Blog

 
Back to Blog

The Number 1 deciding factor in how much interest you pay to a lender is Mortgage Term Selection. Let me explain why…

Looking for and comparing rates online is easy but what's not so easy is finding mortgage term comparisons. The term of a mortgage is often overlooked by focusing more on mortgage rates. It will truly pay to get the right advice from your mortgage advisor depending on your individual circumstances which term to take but more importantly how much interest and/or penalties you could possibly pay or avoid depending on what mortgage term you take. So to get the term right the first time is very important.

To paraphrase a recent article by Canadian Mortgage Trends; If you pick a closed mortgage with the wrong term you're stuck with that rate until maturity unless you pay a penalty to break it. If you choose a "no frills" mortgage to get the lowest possible rate but with more restrictions you're often barred from breaking that term for any reason except if you sell your property.

Mortgage rates fall into 1 of 2 groups: Long term and short term. Choosing between these terms is not about predicting rates. It’s more about identifying risks and estimating the probabilities of these risks adversely impacting you.

If you are trying to decide which term is best for you, your mortgage advisor should conduct a discovery meeting. They should ask you lots of questions in order to help you make, not only, an honest assessment of your current financial position but also your future plans.

Here are some of the reasons you would want to consider 1 of the 2 groups:

A long-term mortgage makes sense if:

A 25- to 30-per-cent-plus payment increase would cause you financial stress. (That’s the payment hike that a short-term borrower might face if rates rise as economists project.
Your “emergency fund” covers less than six months of living expenses
You have minimal equity and net worth
There’s a chance your earnings could drop due to job instability, a highly variable income, upcoming retirement, an educational leave, an extended care leave, etc.
You’re heavily invested in long-term fixed income, which creates more risk to your “personal balance sheet” if you’ve also got a short mortgage term and rates surge
You want greater certainty when projecting cash flow on an income property

A short-term mortgage may be the way to go if:

You expect to pay off large chunks of your mortgage or sell your home within the next three years
You have a short remaining amortization (e.g. 5-6 years or less)
Your credit is subpar and you need a non-prime mortgage just long enough to rehabilitate your credit so you can qualify with a prime lender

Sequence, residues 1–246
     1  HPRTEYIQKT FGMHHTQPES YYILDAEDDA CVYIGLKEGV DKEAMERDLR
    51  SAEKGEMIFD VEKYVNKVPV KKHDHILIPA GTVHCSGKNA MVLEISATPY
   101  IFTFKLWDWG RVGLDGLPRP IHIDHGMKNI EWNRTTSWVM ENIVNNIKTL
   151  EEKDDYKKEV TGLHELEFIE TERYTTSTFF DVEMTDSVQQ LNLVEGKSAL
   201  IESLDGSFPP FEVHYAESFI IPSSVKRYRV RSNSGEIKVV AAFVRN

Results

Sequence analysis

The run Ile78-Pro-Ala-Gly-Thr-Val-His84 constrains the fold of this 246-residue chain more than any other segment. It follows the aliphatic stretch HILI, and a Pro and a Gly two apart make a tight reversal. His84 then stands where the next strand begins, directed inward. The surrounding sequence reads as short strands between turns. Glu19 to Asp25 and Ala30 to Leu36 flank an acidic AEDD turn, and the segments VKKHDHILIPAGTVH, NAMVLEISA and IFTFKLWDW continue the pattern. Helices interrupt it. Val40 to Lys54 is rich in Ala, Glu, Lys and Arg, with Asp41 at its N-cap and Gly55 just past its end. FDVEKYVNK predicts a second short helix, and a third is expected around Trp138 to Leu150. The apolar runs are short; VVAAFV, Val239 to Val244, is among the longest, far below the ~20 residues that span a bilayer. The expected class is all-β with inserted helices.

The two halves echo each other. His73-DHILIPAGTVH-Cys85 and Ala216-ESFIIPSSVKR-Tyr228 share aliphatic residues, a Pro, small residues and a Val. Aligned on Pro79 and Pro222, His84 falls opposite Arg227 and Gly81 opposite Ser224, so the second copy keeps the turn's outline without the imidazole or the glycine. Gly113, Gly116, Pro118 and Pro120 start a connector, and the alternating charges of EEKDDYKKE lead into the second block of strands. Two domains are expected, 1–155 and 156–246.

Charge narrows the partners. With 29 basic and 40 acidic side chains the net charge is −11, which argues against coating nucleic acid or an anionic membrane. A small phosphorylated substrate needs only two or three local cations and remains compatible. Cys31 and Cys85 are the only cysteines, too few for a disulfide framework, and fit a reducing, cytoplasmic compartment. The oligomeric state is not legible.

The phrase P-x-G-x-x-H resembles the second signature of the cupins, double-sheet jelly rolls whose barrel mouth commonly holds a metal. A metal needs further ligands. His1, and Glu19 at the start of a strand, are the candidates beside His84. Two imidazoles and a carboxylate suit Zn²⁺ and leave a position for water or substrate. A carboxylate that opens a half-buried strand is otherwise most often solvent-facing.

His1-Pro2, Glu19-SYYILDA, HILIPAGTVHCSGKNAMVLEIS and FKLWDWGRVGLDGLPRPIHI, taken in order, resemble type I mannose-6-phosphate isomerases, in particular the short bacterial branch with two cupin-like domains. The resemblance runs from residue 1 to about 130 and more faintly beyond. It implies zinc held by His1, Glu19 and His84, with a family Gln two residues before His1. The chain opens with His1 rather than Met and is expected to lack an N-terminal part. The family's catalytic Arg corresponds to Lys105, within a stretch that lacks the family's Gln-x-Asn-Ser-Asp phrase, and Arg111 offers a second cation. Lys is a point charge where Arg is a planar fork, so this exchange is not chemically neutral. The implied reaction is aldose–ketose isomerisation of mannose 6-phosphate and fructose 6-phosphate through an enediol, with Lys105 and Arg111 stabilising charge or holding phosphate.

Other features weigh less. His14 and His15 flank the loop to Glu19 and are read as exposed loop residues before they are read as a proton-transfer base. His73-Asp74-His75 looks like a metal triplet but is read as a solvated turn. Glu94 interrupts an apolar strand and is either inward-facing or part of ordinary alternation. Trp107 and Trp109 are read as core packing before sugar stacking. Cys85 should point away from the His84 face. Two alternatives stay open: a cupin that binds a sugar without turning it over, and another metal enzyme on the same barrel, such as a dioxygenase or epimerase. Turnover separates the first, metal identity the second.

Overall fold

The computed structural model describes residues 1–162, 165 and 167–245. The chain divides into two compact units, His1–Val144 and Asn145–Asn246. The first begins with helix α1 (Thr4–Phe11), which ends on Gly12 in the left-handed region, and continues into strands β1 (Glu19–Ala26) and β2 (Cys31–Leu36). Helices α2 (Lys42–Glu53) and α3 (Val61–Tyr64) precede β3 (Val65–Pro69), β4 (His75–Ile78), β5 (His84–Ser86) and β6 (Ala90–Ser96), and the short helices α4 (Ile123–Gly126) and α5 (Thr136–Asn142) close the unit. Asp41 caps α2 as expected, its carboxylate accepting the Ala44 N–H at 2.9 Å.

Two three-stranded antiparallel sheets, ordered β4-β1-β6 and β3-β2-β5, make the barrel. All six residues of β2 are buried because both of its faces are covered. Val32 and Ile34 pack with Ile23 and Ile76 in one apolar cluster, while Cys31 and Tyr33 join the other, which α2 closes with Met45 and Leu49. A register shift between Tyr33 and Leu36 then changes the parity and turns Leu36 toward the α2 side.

You need to refinance in coming years to access your equity for a life event, education, investment purposes, business use, etc
You strongly believe that rates won’t rise in any meaningful way over the next 12 months, you can afford to be wrong, you’ve found a short-term rate that’s far lower than long-term rates, and you can make higher-than-required payments.

Here's some more in depth examples pulled directly from the article by Canadian Mortgage Trends:

"Let’s suppose you’ve decided a long-term mortgage is right for you. The next question is: Which one?

The answer changes as rates change and at this very minute, it’s almost too close to call. The five-year fixed (currently around 3.24 per cent) and the 10-year fixed (currently 3.89 per cent) are running neck and neck in terms of value.

Assuming you have a 25-year amortization and make payments as if you had a 10-year fixed term, a five-year mortgage will save you $3,259 in the first 60 months, for every $100,000 of mortgage.

By comparison, a 10-year term saves you interest if five-year fixed rates rise more than 1.60 percentage points in five years.

What are the odds of rates climbing 1.60 percentage points? Well, if you believe Bank of Canada warnings and economic forecasts, you shouldn’t bet against it. In the last three interest rate cycles, five-year rates have climbed an average of 2.46 percentage points, albeit for a short time only. So if your financial footing isn’t as stable as you’d like, the 10-year is probably worth the extra “insurance” cost for the peace of mind.

I’ve excluded the comparable math on four- and seven-year mortgages because their pricing simply isn’t good enough at the moment.

If you’ve examined your financial position and found that you’re better suited to a shorter term, the best value currently is a three-year fixed. That is based on the hypothetical assumption that rates will increase moderately starting late this year or early 2013. It also assumes you won’t need to discharge your mortgage early.

You can find three-year mortgages rates today for less than you’d pay with most variable rates and it gives you three years of rate protection.

After three years, you can renew into the best value at the time. You could then choose a variable mortgage, if variable-rate discounts improve – as some people are predicting.

The options laid out above are a glimpse at how a mortgage planner might determine your ideal term. There are, of course, countless other criteria and lots of exceptions."

Tony

Tony Marchigiano | Mortgage Specialist - Mortgage Sales BC Region, RBC Royal Bank | Royal Bank of Canada | T. 604-505-7109 | F. 778-737-0054

Newsletter

*indicates required fields.
Name:*
Email:*

Meet the team

  • Will Pratt
  • Justin Sabbagh
  • Mike Wilcox

Mortgage Calculator

Purchase Amount:
Down Payment:
Interest Rate:
%
Payment Interval:
Mortgage Term (Years)
Payment:
Total Payments:
Total Amount Paid:
Total Interest Paid:

Neighbourhoods